A baseball bat rule change that USA Baseball issued in 2015 and which organizations such as Little League International adopted in January of last year helped manufacturers’ sales of bats surge 18.9 percent in 2018, according to recent wholesale data compiled by the Sports & Fitness Industry Association.

That skyrocketing growth headlined SFIA’s 2019 Manufacturers’ Sales Report, released earlier this month. The report, which measures U.S. wholesale revenues, showed that the overall sports and fitness products industry grew 2.3 percent in 2018 to $92.3 billion.

The SFIA report includes four categories, all of which experienced a sales increase, albeit in the low- to mid-single digits: Sports Equipment grew 0.8 percent $25.1 billion, Fitness Equipment grew 3.6 percent to $5.4 billion, Apparel grew 1.2 percent to $36.6 billion and Footwear grew 4.6 percent to $16.6 billion.

“Last year’s performance reflects a challenging market environment, where it’s more about the market share than it is about industry growth,” said SFIA President and CEO Tom Cove. “As an industry, we must understand the critical importance of increased sports and fitness participation, as a long-term strategy to fortify the foundation of our industry.”

The bump in baseball bat sales was nice but not sustainable. While sales of bats totaled $216.9 million, up from $182.4 million in 2017, that was driven primarily by a new USA Baseball bat standard that basically forced parents of players in Little League and other youth baseball organizations to buy new bats for their kids.

In 2015, Little League announced the league would adopt the new bat standard that USA Baseball had developed for mandated use beginning January 1, 2018. The organization in August 2015 alerted participants that current bat regulations would be in effect until that date. Then the new bat standard would kick in for most leagues and the old bats would be obsolete.

The new rule meant manufacturers had to build bats to the new specifications and safety standards, while retailers would need to clean out old inventory, stock the new bats and inform unaware consumers about the changing equipment standards. It also meant that many baseball associations, teams and parents would need to buy new bats before starting play in 2018.

“This will be the biggest year for bat sales in years. No question,” Cove told SGB last spring for a report on bat sales growth. “Because every 12-and-under organization except one—USSSA Baseball—has banned any bat that ever was used before. That’s remarkable for a sport like baseball. We’re going to sell a massive amount of bats this year.”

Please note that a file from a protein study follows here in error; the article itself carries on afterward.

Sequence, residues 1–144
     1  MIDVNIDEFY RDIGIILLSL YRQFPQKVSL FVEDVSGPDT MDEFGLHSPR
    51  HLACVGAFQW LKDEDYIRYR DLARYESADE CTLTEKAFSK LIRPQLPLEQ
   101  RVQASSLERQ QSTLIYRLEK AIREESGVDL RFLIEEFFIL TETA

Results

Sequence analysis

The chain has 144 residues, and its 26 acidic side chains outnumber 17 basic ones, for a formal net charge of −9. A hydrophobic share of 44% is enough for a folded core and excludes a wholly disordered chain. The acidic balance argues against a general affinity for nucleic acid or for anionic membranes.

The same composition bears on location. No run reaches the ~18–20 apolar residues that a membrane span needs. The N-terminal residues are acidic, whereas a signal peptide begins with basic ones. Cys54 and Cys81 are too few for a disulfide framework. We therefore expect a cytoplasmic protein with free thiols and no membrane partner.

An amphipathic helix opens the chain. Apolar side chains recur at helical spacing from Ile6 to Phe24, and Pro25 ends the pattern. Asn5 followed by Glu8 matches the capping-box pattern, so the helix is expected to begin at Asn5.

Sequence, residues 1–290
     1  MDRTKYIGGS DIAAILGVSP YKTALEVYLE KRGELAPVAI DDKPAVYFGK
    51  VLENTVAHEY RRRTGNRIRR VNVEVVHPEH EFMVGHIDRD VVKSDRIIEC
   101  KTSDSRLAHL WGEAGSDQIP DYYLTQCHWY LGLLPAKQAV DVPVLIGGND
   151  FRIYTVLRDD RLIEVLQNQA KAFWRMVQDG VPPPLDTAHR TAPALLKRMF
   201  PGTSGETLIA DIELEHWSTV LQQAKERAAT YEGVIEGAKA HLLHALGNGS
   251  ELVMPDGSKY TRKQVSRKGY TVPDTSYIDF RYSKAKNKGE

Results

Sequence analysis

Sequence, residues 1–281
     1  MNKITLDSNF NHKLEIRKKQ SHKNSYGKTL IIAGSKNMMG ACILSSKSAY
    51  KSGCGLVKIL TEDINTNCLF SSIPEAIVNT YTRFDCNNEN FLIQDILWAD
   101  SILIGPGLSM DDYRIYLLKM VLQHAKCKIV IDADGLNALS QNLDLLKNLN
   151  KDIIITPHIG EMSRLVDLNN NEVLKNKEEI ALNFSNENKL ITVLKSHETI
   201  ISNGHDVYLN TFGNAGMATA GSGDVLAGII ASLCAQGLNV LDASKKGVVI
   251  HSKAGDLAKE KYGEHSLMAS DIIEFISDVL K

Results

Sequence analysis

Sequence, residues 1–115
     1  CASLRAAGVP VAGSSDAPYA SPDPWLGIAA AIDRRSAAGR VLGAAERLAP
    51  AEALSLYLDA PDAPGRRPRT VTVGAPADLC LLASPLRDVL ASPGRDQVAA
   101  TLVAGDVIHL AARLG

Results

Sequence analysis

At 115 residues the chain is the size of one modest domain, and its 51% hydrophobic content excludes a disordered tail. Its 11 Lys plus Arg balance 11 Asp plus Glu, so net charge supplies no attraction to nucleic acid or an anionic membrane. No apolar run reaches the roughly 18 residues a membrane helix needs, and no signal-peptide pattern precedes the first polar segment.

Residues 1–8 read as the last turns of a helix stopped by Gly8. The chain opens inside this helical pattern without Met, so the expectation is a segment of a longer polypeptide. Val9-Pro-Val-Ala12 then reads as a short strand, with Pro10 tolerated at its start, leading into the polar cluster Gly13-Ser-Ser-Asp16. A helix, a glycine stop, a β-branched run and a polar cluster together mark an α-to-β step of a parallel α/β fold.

That prediction certainly came true, and the sales jump benefited every link in the baseball bat supply chain. Not only did manufacturers, as a whole, see a high-double-digit increase, but retailers were able to sell more bats based on the rule change.

Dick’s Sporting Goods CEO Ed Stack was on record saying the bump in bats was helping drive revenue in the retail giant’s team sports business.

“We’re enthusiastic about the team sports business in most categories,” he said. “The baseball business has been very good and will be very good through the first couple of quarters with the new bat regulations for Little League. Virtually everyone who plays Little League this year needs to buy a new bat because of the new regulations.”

Of course, both retailers and manufacturers understand that any spike in sales due to a rule change usually means the following year tends to suffer under a tough comp. And the previous year is also bound to be slower than average as old product is shelved.

“As much as a boom there is this year, there’s a big dip the year prior,” Trevor Anderson, director of category management for bat manufacturer Easton, told SGB for last year’s report. “Ultimately, at the end of the day, it evens out, but it takes a lot of work to get through it all.”

Baseball bats helped propel the baseball/softball category to post the largest sales increase among team sports categories at 7.7 percent.

Looking beyond baseball bats in the sports equipment category, golf clubs also saw nice improvement with an 8.9 percent jump, overcoming softness in golf ball sales (0.5 percent growth) to help golf overall post 5.2 percent growth.

And boutique fitness trends helped spark sales in such areas as martial arts equipment, which was up 8.2 percent to $451.8 million from $417.5 million.

In the exercise equipment category, “single-station selectorized” equipment led the way with 10.7 percent growth.

Base layers posted 6.3 percent growth to pace the sports apparel category. And sport sandals/slides showed huge growth—20 percent—to lead the way in athletic footwear, which also was bolstered by strength in skate/surf (18 percent) and casual/fashion (12.5 percent).

The full 2019 Manufacturers’ Sales Report is free to all SFIA members and can be accessed here.

Photo courtesy Easton